The Football League started to express concerns about the viability of the match, particularly because playing it on a Saturday meant that any cancelled league fixtures had to be played instead on midweek afternoons as floodlights were not yet in use. The match continued to be played because the fixtures in Scotland were well attended and therefore lucrative to both leagues. The higher attendances in Scotland reflected the greater interest in the fixture there. Some venues in England had good attendance though, particularly Newcastle. Matches against the Irish League XI were poorly attended. Even in the early years of the fixture, steps were taken to improve attendance, such as moving it around Scotland and picking local players. For example, the match in 1900 was played at Easter Road and each of the four senior Edinburgh clubs were represented.
Just before the outbreak of the Second World War in 1939, the Scottish League played its first match against the League of Ireland XI. The clubs in the then Irish Free State had formed their own League of Ireland after the partition of Ireland in 1922. The League of Ireland XI surprisingly won 2–1 against a strong Scottish League XI. Only one inter-league match was played during the Second World War, a 3–2 defeat against the Football League at Blackpool in October 1941. The Scottish League XI selected Matt Busby, who was then playing as a guest for Hibernian.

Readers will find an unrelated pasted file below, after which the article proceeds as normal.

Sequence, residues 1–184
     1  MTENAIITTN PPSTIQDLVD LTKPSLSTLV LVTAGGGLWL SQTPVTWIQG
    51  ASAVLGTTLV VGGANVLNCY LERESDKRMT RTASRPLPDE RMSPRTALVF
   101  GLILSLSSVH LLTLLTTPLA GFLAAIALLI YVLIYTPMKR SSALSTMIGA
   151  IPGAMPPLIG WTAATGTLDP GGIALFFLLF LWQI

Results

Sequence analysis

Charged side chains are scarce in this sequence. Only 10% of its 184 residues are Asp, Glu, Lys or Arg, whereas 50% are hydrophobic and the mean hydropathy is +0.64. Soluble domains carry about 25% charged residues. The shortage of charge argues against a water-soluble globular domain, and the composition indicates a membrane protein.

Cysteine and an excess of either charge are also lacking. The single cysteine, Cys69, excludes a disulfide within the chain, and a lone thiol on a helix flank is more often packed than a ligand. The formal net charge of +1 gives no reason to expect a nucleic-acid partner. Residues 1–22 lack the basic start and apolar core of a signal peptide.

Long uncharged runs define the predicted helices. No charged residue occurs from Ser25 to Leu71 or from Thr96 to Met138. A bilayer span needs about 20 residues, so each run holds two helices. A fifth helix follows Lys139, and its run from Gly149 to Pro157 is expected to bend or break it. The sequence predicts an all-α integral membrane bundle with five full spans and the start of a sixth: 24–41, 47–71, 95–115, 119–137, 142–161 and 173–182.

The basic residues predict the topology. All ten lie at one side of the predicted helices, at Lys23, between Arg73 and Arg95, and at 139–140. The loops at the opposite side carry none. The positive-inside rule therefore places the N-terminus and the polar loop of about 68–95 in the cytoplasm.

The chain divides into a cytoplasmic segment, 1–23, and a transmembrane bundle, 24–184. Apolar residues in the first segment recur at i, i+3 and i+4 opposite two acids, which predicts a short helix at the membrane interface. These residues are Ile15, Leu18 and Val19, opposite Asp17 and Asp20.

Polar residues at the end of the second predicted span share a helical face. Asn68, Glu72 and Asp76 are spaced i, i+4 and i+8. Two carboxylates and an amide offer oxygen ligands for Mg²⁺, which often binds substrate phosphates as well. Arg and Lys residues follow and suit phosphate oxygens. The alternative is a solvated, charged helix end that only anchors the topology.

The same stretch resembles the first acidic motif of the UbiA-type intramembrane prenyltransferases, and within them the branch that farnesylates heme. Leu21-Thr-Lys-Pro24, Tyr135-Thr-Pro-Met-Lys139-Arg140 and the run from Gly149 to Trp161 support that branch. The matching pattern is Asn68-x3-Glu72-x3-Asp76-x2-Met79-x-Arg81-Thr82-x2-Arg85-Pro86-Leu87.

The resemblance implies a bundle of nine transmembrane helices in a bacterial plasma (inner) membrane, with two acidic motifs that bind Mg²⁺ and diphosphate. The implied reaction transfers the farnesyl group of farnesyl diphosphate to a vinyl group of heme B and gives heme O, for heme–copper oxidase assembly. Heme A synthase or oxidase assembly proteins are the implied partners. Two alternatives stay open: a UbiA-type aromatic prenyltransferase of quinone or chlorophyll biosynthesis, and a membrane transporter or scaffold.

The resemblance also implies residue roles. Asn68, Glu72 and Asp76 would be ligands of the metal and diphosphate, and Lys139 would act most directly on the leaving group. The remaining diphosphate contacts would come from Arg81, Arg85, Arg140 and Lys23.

Attendances for the inter-league matches greatly increased after the war. The first match, a 3–1 defeat to a Football League XI inspired by Stanley Matthews and Wilf Mannion, attracted 84,000 to Hampden Park on a snowy day in March 1947. Even the less attractive fixture against the Irish League XI drew a crowd of 62,000 to Ibrox Park in 1949. A frequent problem for the selectors was judging the strength of opposition and the importance of the match. An example of this was when the Scottish League XI played a Welsh League XI at Cardiff in September 1952, although the term "Welsh League" was inaccurate as their players were selected from the Welsh clubs playing in the Football League. The Scottish League picked only a few players of genuine international quality and lost 3–0, with Ivor Allchurch scoring twice for the Welsh side.
The Scottish League XI played opposition from outside the British Isles for the first time in 1955, when a Danish Combination was beaten 4–0 in Copenhagen. The South African player Johnny Hubbard scored one of the goals. Perhaps the best result achieved by the Scottish League XI was in November 1961, when an Italian league team containing John Charles and Denis Law was held to a 1–1 draw at Hampden, watched by 67,000 fans. A return match was played in Rome a year later. The Scots lost 4–3, but forwards Willie Hamilton and Charlie Cooke made a significant impression.